"Turbo-decoding" of error-correcting codes
using belief networks/graphical models
Turbo codes are a new class of error-control coding systems that offer
near optimal performance while requiring only moderate complexity.
It is now known that the widely-used iterative decoding algorithm for turbo-codes
is in fact a special case of a general local message-passing algorithm
for efficiently computing posterior probabilities in acyclic directed graphical
(ADG) models (also known as ``belief networks") .
The belief network for rate 1/2 Turbo code is shown below. The information
bits, U1, U2, ..., Uk, are fed into
two convolutional encoders. The codeword X1, X2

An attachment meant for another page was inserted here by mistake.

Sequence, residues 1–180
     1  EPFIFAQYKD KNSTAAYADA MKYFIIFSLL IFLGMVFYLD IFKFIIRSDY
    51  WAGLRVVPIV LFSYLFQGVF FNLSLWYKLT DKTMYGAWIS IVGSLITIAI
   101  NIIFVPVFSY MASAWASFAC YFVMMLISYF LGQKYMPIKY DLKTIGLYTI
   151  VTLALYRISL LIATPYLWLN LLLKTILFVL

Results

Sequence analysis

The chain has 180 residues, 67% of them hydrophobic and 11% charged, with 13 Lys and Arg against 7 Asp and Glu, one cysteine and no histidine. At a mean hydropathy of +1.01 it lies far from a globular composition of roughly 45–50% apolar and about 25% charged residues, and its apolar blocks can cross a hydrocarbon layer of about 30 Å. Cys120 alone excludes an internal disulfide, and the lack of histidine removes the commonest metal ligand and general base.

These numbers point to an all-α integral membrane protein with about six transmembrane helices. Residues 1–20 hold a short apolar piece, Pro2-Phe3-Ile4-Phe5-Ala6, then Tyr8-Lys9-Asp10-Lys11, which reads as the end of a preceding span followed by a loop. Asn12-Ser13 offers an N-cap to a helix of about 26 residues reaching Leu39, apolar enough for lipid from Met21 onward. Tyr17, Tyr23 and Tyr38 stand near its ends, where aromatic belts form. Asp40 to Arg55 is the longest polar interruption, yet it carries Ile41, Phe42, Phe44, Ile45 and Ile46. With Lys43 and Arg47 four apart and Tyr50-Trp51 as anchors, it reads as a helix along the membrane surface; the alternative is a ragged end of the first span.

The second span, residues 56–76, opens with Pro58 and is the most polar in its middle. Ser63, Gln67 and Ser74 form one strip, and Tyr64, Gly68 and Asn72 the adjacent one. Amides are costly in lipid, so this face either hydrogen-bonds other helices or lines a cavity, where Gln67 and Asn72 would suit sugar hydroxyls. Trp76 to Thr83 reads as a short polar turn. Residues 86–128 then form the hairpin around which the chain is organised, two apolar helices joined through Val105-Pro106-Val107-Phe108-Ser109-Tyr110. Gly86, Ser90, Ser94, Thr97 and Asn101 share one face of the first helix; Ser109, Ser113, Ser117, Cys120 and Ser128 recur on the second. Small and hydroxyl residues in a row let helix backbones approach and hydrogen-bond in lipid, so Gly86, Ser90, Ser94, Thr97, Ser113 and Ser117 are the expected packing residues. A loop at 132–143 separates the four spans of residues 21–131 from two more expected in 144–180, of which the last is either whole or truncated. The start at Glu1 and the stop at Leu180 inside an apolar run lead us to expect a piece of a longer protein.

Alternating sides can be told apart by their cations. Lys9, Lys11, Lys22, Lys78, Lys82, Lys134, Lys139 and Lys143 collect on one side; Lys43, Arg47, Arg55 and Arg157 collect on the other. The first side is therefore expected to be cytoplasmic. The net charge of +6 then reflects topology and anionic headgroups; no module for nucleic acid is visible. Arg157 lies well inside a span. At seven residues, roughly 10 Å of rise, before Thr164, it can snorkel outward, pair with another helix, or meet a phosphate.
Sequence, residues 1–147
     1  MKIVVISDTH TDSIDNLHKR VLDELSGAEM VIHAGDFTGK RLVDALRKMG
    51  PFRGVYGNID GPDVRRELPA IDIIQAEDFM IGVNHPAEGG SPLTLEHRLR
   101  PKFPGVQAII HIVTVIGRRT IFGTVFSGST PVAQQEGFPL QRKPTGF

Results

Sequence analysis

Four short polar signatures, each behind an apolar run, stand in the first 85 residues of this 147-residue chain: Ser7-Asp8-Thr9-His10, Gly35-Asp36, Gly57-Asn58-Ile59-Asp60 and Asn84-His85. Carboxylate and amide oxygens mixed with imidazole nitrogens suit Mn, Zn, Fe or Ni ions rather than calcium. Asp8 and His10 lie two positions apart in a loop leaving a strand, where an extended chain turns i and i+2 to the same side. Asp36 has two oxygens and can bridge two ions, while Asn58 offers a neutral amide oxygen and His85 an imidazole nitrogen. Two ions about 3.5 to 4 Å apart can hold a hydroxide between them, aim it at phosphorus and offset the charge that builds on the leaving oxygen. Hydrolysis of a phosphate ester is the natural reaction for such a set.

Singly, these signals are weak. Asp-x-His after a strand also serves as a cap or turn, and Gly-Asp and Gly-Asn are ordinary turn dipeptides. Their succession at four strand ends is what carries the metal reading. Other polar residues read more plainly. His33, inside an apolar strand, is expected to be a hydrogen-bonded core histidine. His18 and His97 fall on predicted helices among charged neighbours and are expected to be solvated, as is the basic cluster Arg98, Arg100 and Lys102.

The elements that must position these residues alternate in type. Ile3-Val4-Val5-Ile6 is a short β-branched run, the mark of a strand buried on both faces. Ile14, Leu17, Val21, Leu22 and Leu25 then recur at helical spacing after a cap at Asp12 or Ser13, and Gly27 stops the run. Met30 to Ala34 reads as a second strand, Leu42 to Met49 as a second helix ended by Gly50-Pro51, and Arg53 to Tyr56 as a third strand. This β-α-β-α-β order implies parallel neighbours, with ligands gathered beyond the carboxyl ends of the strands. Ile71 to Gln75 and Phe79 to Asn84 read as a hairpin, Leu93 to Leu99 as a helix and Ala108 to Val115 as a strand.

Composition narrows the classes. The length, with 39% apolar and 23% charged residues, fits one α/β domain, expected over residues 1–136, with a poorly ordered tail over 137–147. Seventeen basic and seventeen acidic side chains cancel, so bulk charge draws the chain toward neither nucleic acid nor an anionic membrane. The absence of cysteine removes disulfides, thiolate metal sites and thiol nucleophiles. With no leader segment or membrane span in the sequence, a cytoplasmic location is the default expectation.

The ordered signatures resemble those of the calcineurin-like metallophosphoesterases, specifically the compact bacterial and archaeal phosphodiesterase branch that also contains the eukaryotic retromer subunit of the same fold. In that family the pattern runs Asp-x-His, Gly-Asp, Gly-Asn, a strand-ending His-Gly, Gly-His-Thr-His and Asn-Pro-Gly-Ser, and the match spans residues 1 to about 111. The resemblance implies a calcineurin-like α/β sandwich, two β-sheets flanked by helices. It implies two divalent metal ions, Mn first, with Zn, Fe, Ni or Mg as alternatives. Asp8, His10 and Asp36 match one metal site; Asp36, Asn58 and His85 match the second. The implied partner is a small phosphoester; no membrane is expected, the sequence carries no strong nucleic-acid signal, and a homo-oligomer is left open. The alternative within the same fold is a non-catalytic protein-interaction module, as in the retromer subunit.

,... , X2k, which consists of U1, U2,
..., and the output of the two encoders, is sent across a noisy channel.
The output from the channel is the received
code word Y1, Y2, ... , Y2k.
The Belief Network of Rate 1/2 Turbo code
The message-passing algorithm is valid only in belief networks without
cycles, but the belief network for Turbo code shown above is cyclic.
In this project, we are trying to understand why Turbo code performs so
well in practice.
Results to date
Most cycles in the belief network of Turbo code are long cycles.
For example, for the block length of 64000, a randomly chosen node has
a less than 1% chance of being on a cycle of length less than or equal
The effect of the message from one node is localized in that it cannot
go beyond an effective distance.
Cooperators and Funding
This is a joint project with Bob
McEliece's group at Caltech, funded by AFOSR.
Related Web Pages of Interest
Information and Computer Science
University of California, Irvine
Last modified: March 29th 1999